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Supreme Court decision in legal fees case could clip EEOC's wings

Supreme Court decision in legal fees case could clip EEOC's wings

Employers can expect the Equal Employment Opportunity Commission to continue to be aggressive this year, but it is hoped that an upcoming U.S. Supreme Court decision will outline some standards the agency must follow in its litigation, says an expert.

Gerald L. Maatman Jr., a partner at Seyfarth Shaw L.L.P. in Chicago, pointed to the Supreme Court's acceptance for review EEOC v. CRST Van Expedited Inc.

The case focuses on the issue of whether the EEOC must pay $4.7 million in legal fees that a trucking firm spent defending itself from sexual discrimination charges involving hundreds of workers, in a case where the agency largely did not prevail.

The court's ruling in the case “will impact the manner in which the EEOC operates,” said Mr. Maatman. Mr. Maatman's firm issued its annual EEOC report, “EEOC-Initiated Litigation Case Law Developments in 2015 and Trends to Watch for in 2016” in December.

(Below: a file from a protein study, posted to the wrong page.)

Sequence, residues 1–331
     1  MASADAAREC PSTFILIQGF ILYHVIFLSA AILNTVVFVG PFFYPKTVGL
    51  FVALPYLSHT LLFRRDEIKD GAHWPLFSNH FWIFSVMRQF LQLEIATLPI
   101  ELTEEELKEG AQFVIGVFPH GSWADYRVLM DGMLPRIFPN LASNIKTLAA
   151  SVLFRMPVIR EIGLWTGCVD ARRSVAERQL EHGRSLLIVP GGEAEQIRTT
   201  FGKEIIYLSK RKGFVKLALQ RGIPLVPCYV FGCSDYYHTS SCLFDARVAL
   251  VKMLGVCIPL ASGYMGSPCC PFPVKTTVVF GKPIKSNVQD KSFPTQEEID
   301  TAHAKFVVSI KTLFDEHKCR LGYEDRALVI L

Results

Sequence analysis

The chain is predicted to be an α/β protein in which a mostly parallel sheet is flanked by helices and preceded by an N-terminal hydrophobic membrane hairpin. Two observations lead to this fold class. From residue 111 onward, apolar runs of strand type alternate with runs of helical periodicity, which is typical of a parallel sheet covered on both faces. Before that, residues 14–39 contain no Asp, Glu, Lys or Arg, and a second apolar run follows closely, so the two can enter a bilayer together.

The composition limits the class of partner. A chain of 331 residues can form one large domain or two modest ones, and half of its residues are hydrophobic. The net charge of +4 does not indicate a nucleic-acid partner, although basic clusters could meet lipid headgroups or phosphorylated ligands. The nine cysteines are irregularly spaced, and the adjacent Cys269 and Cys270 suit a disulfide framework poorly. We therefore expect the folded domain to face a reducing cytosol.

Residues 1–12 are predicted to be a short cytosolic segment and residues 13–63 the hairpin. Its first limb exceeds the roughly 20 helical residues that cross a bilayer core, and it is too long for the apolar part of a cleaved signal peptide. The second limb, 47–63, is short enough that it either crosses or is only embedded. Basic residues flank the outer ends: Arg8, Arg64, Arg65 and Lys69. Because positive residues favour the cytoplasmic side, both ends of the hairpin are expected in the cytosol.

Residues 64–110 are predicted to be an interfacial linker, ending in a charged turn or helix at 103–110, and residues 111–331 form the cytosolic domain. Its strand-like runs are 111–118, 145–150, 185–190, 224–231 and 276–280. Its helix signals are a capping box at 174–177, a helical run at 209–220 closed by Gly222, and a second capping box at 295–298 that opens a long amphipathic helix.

Mr. Maatman said among other EEOC-related developments that can be expected this year, is that the agency is going to continue to “push the envelope” in the type of lawsuits it files, including those that reflect its position that federal discrimination law covers transgendered individuals. It is an “effort to convince corporate America to act in certain ways on the pain of being sued if you don't,” Mr. Maatman said.

A third thrust of EEOC activity this year will be the Americans with Disabilities Act, which accounted for about a third of the EEOC's cases last year, Mr. Maatman said.

Mr. Maatman said trends the Seyfarth Shaw uncovered for its annual report on last year's EEOC activity included the importance of location in terms of where the agency files its lawsuits.

EEOC decision-making “takes place at a local regional level, and so among the various district offices of the EEOC there are patterns, and the study slices and dices those patterns by industry, by geography, and by type of case,” he said.

The EEOC's Philadelphia office, for instance, “files more ADA case than any other district,” while its Chicago and Phoenix offices are more likely than others to file cases focusing on systemic discrimination, Mr. Maatman said.

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